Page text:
Working With Us | Products | Case Studies | FAQ | About Online Media

Food TV: Culinary Wasteland


I happened to catch an episode of Anthony Bourdain’s “No Reservations” the other night. He was in Singapore for the show’s season opener on the Travel Channel and, for a change, didn’t eat anything particularly outrageous – other than the bull penis. I enjoy Bourdain’s writing but I’m not tremendously fond of this show. It’s essentially a travelogue and Bourdain’s nearly inflectionless delivery is tiring. But despite all that, it’s the best food show on television because Bourdain clearly loves food. The same can’t be said of the culinary wasteland that his shows once called home, the Food Network.

Click to view larger versionI recall watching Bourdain’s first television show, “A Cook’s Tour,” on the Food Network. It was cutting edge food TV, not always about cooking, but certainly about exploring different cuisines and tastes. Back then I watched lots of shows on the Food Network because there was serious and interesting cooking going on. Emeril Legasse, who by turns irritates and amuses me, was in top form. Sara Moulton was doing some fun things in the kitchen – food I wanted try cooking and eating. Mario Batali was cooking traditional Italian dishes and making rude remarks about French cooking. Alton Brown was showing that food science could be interesting and entertaining.

Those were the good old days. Even then channel had its share of stupid shows about making potato chips or Ding Dongs and Rachel Ray was around, but limited to 1/2 hour a day. But in April of 2004 Brooke Johnson was named president of the Food Network. At the time the rumor mill and various food blogs were saying that Johnson was going to shoot for that ever-popular demographic, 18- to 28-year-old men.

The rumors now appear to have been true. FN has dumped Moulton, Emeril, and Batali, cooks in other words. They’ve started shows like “American Iron Chef” and, if that wasn’t bad enough, “Next Iron Chef.” And is there any cooking more guaranteed to appeal to males than Paula Deen’s which is heavy on the fat and sugar, served up with faux maternal love and approval? Deen is every man’s ideal mother or grandmother.

Clearly, the days of real food and real cooking are almost gone. Here are examples from a recent day’s schedule:

09:30 — Ham on the Streets: Think of Animal House without the humor. People who think they’re cute and funny almost never are.

10:00 — Glutton for Punishment: Another frat boy playing with food. Come on, frying eggs on a sidewalk is about food? Television shows that think they’re cute and funny almost never are.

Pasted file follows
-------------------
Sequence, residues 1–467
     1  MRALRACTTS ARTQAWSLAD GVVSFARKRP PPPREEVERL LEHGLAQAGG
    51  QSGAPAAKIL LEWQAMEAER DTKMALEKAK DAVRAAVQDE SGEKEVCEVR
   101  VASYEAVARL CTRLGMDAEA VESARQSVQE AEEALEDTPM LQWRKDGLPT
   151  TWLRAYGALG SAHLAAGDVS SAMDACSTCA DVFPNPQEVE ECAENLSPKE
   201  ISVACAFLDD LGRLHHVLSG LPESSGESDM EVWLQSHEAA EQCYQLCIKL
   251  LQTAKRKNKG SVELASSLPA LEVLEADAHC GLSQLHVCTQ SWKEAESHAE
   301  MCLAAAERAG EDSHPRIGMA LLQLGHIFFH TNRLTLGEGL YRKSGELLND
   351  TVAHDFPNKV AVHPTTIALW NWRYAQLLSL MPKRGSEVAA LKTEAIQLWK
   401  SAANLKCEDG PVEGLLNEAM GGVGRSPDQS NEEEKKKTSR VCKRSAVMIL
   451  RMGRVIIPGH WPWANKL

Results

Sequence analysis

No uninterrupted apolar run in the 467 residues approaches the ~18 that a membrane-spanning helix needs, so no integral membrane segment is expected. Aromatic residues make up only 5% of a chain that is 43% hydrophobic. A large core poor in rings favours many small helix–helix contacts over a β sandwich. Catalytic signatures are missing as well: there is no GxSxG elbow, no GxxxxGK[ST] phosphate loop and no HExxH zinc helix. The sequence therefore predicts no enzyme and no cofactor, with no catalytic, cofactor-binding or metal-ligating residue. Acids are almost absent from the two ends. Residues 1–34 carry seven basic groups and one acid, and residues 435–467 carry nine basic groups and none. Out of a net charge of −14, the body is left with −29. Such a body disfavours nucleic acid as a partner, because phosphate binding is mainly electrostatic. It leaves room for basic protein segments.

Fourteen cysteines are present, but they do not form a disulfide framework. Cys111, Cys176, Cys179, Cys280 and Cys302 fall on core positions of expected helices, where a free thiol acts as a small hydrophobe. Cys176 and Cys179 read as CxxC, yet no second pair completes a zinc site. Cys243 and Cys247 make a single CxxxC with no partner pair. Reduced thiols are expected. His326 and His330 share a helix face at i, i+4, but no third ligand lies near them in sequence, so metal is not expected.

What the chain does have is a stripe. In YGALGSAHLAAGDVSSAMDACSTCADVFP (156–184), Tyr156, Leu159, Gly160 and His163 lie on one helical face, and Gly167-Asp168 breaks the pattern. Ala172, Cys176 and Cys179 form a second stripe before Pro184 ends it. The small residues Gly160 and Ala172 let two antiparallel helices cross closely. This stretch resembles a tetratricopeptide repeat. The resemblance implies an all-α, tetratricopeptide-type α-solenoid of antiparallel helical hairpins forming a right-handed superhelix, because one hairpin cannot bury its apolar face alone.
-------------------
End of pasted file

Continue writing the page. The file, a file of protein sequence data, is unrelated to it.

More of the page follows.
11:30 — Easy Entertaining: A show about creating meals for parties isn’t so bad, people need ideas and advice. Pretending to have a party every day is silly.

12:30 — Semi-Homemade Cooking: It’s a semi-cooking show, featuring a semi-cook, using semi-food to create absolutely pure dreck. My god, the host Sandra Lee color coordinates the food with her wardrobe.

14:30 — 30-Minute Meals: The greatest boon to dieting I know of. Anyone who can watch the amazingly insipid Rachel Ray without becoming bulimic has a cast-iron stomach. As a friend of mine said, “I can read the back of the box, what do I need her for?”

16:00 — Semi-Homemade Cooking: See 12:30.

18:00 — 30-Minute Meals: I think I have Ebola, I’m bleeding from my eyes and ears.

18:30 — 30-Minute Meals: Please God, take me now.

21:00 – Food Network Challenge: Twenty dishes in the show’s 40 minutes run-time? This isn’t television, it’s a slide show. As such they should reduce it to no more than 15 seconds per slide, two minutes per slide is just boring.

Emeril, Batali, and Moulton are still being rerun the principle being, I suppose, that if you pay for the content you might as well squeeze every penny and every bit of flavor out of it. Alton Brown is still around (although I suspect he’s probably taking drugs to suppress the emptiness in his soul) and “A Cook’s Tour” is going to be re-run (causing great angst to Tony Bourdain). But with people – dare I say babes – like Rachel Ray, Sandra Lee, Giada De Laurentiis (“Everyday Italian,” by the way, she can actually cook — how’d that happen?), and the frat boys prominent it’s clear the rumors were true. Johnson was is serious about reaching that younger male demographic.

So now we find that the Food Network has nothing to do with food or cooking and everything to do with men and sex — pure sugar and fat that will go straight to your mental waist. Fortunately Julia Child’s original shows are available on DVD, I need something to get the taste of the Food Network out of my mind.

Share  Posted by Kevin Weeks at 5:00 AM | Permalink

<< Back to the Spotlight blog

Kevin Weeks's bio
Email Kevin Weeks

Get Our Weekly Email Newsletter

What We're Reading - Spot-On Books

Hot Spots - What's Hot Around the Web | Promote Your Page Too

Spot-on Main | Pinpoint Persuasion | Spotlight Blog | RSS Subscription | Spot-on Writers | Privacy Policy | Contact Us